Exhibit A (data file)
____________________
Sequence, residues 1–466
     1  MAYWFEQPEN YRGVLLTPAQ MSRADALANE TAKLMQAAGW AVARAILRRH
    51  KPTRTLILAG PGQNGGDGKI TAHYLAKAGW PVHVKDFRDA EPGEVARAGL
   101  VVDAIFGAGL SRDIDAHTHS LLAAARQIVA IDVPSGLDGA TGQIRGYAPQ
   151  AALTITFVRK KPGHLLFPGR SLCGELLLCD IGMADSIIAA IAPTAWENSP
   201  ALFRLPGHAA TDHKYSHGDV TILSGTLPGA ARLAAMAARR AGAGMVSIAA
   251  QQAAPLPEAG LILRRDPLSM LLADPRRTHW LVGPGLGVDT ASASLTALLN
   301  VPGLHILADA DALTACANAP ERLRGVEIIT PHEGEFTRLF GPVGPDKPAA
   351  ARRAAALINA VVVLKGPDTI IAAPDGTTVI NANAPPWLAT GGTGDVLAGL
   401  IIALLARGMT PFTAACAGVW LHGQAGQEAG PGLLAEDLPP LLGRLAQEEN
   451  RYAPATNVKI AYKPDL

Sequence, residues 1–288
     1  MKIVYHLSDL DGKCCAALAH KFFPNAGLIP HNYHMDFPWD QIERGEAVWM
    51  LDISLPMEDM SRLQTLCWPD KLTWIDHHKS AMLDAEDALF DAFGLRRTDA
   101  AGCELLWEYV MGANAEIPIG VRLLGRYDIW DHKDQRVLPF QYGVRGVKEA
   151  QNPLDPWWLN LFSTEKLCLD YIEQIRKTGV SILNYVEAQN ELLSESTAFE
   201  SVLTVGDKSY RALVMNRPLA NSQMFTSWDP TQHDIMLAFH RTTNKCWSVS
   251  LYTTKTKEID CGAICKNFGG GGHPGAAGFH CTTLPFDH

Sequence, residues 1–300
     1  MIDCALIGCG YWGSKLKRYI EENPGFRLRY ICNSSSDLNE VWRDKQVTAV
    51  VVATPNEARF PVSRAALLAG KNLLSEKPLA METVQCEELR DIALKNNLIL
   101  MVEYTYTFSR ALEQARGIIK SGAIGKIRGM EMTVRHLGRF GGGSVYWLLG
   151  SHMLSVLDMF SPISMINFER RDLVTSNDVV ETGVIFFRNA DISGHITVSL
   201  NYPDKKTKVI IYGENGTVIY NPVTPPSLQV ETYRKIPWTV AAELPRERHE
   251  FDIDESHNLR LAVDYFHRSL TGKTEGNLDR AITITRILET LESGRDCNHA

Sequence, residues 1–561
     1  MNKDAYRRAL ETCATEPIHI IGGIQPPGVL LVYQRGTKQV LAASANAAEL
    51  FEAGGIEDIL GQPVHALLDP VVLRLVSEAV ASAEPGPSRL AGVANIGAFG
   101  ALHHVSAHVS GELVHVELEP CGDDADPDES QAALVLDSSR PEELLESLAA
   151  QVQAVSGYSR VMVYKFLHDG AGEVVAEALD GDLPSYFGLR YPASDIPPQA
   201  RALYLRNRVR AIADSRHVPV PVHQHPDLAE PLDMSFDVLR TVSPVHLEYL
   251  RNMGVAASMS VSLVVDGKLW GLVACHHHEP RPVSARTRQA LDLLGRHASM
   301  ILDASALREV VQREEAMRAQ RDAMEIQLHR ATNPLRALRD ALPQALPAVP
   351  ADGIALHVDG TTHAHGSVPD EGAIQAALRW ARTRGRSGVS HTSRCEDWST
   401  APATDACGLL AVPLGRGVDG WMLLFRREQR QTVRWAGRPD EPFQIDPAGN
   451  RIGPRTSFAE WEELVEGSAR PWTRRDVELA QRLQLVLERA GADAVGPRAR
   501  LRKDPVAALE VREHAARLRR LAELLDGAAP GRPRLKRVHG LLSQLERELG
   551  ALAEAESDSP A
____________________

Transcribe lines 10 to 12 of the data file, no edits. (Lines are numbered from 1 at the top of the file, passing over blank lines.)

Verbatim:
   401  IIALLARGMT PFTAACAGVW LHGQAGQEAG PGLLAEDLPP LLGRLAQEEN
   451  RYAPATNVKI AYKPDL

Sequence, residues 1–288